When student loans and scholarships are denied

 In General

When student loans and scholarships are denied, navigating the student aid system for loans and scholarships can be a stressful process for young adults. College and university are expensive, no doubt, and finding the funds to pay for even part of the tuition is a strain for most Canadian families.

How student loans work

Student loans—at the federal and provincial level—are based on your assessed financial need.

Both agencies will use your personal income, household income and savings and scholarships as part of the assessment. You’ll also need to do some number crunching to calculate your pre-study income and all the costs you’ll wrack up during the school year. The formula looks like this:

Allowable costs

(Tuition, books and living expenses)


(Student contribution, parental contribution and scholarships)


Assessed need
(The amount the federal and provincial programs will provide, either as repayable loans or non-repayable grants)

Typically, 60 per cent of the assessed need is covered through the federal government’s Canada Student Loan Program, and the remaining 40 per cent is picked up provincially, but this varies from province to province.

When it’s not enough

Student aid programs use provincial averages for rent and living allowances and a benchmark for what you should earn through wages in a summer, rather than your actual expenses.

Additionally, there will always be some exempted amount that you will need to cover through your own means by part-time work, prior savings, loans, scholarships or grants. If the amount you need to contribute personally seems out of reach, Cashco Financial Flex Loans can help bridge a gap or work well as a line of credit throughout the school year. Ideally, you’ll be able to work enough through the summer months to pay it back.

And since you need to reapply for loans every year, there can be reasons why the amount you receive changes or your request is denied, including:

  • Changes to your household income (e.g., parents, spouse or common-law partner)
  • Changes to your personal income (e.g., you end up working more during the summer or the school year than put forward on your initial assessment)
  • You’ve reached either your annual or lifetime loan limit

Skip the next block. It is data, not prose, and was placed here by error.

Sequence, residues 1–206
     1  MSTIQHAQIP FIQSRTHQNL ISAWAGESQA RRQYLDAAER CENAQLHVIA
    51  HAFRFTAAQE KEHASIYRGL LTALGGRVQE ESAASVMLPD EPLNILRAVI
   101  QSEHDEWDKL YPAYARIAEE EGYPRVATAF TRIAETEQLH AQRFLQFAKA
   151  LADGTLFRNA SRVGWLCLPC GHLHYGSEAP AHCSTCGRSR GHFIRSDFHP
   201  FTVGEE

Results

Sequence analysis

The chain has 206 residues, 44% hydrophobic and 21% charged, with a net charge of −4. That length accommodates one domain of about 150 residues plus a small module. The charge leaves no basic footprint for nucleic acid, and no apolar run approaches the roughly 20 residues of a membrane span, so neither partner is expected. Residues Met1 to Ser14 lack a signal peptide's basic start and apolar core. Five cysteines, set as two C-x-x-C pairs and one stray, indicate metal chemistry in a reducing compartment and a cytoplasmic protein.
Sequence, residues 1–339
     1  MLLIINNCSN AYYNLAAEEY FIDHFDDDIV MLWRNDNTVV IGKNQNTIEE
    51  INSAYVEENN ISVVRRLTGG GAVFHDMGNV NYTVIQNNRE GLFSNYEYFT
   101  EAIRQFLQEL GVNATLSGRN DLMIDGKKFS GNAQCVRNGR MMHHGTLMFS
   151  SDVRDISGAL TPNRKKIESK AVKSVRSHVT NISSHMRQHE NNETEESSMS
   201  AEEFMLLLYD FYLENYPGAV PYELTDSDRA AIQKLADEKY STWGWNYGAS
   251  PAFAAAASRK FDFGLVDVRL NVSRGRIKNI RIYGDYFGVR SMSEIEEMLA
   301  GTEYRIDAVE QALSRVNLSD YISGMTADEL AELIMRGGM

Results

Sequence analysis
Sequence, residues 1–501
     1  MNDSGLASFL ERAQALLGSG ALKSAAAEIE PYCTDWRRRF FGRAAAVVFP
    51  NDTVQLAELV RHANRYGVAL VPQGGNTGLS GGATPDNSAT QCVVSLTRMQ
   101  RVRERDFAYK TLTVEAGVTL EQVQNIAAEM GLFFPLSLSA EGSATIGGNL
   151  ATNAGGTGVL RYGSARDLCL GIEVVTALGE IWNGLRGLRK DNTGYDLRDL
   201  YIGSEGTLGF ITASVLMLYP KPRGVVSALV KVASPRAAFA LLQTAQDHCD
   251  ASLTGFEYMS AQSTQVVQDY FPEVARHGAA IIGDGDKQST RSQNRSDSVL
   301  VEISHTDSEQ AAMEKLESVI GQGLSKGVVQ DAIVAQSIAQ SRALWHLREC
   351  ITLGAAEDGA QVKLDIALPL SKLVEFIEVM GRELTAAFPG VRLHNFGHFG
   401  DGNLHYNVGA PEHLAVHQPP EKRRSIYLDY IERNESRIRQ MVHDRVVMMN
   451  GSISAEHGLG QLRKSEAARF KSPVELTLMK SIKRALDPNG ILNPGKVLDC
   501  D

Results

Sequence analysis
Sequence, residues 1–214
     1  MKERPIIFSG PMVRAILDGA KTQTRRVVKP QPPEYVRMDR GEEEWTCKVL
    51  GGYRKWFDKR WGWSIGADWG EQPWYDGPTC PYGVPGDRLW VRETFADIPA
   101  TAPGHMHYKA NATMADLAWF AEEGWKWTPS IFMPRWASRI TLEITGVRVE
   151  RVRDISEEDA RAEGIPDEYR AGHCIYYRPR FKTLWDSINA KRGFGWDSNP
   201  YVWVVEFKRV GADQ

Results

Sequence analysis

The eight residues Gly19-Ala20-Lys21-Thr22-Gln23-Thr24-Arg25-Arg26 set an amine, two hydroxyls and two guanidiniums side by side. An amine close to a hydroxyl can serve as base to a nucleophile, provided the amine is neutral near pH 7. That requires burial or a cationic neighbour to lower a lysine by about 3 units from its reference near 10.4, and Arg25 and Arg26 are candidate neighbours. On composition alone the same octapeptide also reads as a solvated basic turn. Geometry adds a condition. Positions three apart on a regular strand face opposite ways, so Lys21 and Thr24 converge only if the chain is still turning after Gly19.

Reasons you don’t qualify at all

Depending on the province you live in, there are a number of factors that may leave you empty-handed altogether, including:

  • Your credit rating, if you are a first-time applicant age 22 or older
  • Previous student loans in default
  • Declaring bankruptcy while repaying student loans

Sometimes, ineligibility is not personal; it’s about the program itself. To be eligible to apply for student aid, both the post-secondary program and school must be designated (i.e., it meets provincial and federal criteria).

Some examples of ineligibility could include:

  • Program length is too short (e.g., less than 12 weeks)
  • Programs offered by private career colleges
  • Adult basic education, high school equivalency courses, college prep or upgrading courses
  • Literacy or language instruction (e.g., English as a Second Language)
  • Personal interest or continuing education courses or programs that don’t lead to a credential

Learn more, start early

The best advice for anyone with their eye on post-secondary studies is to start the process early, so you’re not left short of funds when it’s time to pay the bills. You’ll need to reapply for funding before every school year, so the amount you receive can vary from year to year, based on your situation.

The second most important thing to remember is that everything you borrow through student aid will need to be paid back eventually, and you’ll be expected to start making payments within six months of graduation.

To learn more about the Canada Student Loan program, along with provincial and territorial information, visit the Government of Canada website.

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